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Auto, Ford and GM enter the chip business to address component shortages

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MILANO – Embarrassed by the lack of chips, the auto industry is preparing to tackle the issue by entering directly into the business of manufacturing electronic components. There is one of the first brands to move in this direction Ford, which yesterday signed a non-binding collaboration agreement with the microchip manufacturer GlobalFoundries to get a greater supply of electronic components for their vehicles.

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The two companies, a statement said, will collaborate in research and development (R&D) to address the “growing demand” for microchips that the automotive industry needs. “GlobalFoundries and Ford will explore opportunities to increase semiconductor manufacturing to support the industry,” they said. “This agreement is just the beginning and a key part of our plan to vertically integrate key capabilities and technologies,” said Ford President and CEO Jim Farley.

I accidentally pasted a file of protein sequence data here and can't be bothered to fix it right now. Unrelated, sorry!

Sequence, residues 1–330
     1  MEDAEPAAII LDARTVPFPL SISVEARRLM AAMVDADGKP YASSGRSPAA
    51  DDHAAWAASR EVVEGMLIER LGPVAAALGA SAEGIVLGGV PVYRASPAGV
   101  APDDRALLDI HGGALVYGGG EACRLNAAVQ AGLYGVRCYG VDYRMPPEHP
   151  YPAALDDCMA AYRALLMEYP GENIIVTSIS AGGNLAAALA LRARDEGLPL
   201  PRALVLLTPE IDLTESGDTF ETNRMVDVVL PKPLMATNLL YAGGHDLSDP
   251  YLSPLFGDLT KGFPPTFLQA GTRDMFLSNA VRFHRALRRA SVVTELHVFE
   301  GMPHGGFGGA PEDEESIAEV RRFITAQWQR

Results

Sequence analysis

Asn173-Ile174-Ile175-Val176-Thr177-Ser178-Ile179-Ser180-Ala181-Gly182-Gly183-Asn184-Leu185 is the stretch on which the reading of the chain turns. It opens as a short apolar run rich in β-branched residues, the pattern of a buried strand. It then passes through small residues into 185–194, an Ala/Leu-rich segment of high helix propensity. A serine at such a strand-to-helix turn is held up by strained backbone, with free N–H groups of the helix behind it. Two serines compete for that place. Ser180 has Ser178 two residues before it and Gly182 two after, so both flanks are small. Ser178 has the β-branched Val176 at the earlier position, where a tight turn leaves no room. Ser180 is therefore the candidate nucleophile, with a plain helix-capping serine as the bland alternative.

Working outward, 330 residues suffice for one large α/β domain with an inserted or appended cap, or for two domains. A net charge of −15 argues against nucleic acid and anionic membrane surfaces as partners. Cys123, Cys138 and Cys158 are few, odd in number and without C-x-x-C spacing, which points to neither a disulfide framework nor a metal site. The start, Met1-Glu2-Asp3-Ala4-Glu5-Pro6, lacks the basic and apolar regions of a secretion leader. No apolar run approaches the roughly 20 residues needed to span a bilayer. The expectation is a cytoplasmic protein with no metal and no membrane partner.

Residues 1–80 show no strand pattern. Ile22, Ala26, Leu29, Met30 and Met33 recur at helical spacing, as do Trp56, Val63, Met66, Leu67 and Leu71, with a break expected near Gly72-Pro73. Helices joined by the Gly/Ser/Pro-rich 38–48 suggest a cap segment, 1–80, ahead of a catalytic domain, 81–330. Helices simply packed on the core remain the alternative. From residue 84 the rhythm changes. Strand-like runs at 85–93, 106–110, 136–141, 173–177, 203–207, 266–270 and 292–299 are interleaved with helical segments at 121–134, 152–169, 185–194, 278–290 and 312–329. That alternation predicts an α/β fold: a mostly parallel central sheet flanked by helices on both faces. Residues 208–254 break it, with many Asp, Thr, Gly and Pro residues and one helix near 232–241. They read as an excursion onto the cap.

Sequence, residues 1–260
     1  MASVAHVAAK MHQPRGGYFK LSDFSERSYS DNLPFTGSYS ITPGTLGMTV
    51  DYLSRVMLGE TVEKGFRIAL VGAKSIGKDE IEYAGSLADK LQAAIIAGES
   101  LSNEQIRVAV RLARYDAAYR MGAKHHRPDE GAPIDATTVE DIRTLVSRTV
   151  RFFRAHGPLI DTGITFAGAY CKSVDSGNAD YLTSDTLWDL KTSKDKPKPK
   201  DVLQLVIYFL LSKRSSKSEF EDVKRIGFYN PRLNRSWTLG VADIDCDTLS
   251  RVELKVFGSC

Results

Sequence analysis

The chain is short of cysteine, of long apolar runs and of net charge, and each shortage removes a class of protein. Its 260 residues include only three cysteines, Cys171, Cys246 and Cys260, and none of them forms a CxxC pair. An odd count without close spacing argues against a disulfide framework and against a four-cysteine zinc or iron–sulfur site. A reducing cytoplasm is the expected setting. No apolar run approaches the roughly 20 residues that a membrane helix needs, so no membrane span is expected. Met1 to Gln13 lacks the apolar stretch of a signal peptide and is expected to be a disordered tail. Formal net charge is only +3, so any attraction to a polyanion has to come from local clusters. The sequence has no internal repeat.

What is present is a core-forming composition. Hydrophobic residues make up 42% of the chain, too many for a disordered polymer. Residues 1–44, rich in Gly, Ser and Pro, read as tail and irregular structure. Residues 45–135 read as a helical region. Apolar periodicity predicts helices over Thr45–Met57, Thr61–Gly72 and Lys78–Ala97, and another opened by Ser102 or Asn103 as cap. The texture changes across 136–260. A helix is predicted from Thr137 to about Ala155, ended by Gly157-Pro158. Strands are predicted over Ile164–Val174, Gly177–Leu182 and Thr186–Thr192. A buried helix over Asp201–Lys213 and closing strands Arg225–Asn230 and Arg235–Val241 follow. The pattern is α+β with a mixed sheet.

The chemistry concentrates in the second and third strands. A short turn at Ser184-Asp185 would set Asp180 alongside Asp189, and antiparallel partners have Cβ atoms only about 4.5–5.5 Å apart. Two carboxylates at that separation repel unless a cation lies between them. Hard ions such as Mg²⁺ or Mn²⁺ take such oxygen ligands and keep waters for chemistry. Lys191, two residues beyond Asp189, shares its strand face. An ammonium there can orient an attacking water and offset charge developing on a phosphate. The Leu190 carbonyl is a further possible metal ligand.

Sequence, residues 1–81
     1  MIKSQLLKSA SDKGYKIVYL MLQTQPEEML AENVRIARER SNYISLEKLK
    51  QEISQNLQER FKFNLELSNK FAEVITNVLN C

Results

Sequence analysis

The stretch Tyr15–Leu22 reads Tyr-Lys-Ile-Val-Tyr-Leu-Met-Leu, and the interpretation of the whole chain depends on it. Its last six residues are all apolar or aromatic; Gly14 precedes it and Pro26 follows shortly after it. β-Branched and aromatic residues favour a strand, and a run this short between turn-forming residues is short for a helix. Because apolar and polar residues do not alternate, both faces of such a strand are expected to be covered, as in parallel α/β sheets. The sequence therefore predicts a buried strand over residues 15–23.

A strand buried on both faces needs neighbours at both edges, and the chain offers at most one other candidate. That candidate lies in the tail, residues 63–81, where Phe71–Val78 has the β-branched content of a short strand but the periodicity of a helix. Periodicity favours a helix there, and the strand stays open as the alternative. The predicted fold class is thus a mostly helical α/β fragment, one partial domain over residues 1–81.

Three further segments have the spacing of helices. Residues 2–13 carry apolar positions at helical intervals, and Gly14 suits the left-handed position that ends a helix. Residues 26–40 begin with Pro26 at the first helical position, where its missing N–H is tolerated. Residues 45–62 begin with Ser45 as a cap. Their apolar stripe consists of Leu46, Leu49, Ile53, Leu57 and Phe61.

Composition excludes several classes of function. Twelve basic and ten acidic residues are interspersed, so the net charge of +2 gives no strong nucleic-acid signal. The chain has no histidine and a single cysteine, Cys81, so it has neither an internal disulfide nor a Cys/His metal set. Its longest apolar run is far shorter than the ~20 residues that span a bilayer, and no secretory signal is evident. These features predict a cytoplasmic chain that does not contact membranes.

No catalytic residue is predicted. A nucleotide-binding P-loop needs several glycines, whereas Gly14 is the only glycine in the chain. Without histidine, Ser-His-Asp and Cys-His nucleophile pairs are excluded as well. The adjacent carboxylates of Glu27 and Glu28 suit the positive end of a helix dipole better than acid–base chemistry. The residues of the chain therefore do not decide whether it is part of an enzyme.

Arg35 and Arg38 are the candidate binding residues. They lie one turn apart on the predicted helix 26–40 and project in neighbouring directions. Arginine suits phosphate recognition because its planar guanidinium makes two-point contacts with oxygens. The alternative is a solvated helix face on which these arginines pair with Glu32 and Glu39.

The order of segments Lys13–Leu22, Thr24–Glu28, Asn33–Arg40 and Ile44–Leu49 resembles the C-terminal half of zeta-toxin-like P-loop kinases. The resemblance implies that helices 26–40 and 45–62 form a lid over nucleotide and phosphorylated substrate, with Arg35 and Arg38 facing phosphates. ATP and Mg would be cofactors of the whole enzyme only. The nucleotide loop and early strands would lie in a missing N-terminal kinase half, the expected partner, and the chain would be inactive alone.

On the same wavelength it also moves General Motors, which as reported by the Wall Street Journal it would be making deals with some of the world’s largest semiconductor manufacturers, including Qualcomm and Nxp Semiconductors, to collaborate on chip manufacturing.

The crisis in global supply chains is forcing large industries, including the auto industry, to rethink their supply chains, physically bringing the sources of their supplies closer together or in some cases, as the auto industry itself is beginning to do, internalising production through agreements with other companies. The lack of chips for months has been bringing the auto industry to its knees, whose production is forced to slow down or stop due to the shortage of semiconductors. According to data released yesterday by Acea, the European association of manufacturers, car registrations in Europe fell by 29.3% compared to the same month of 2020.

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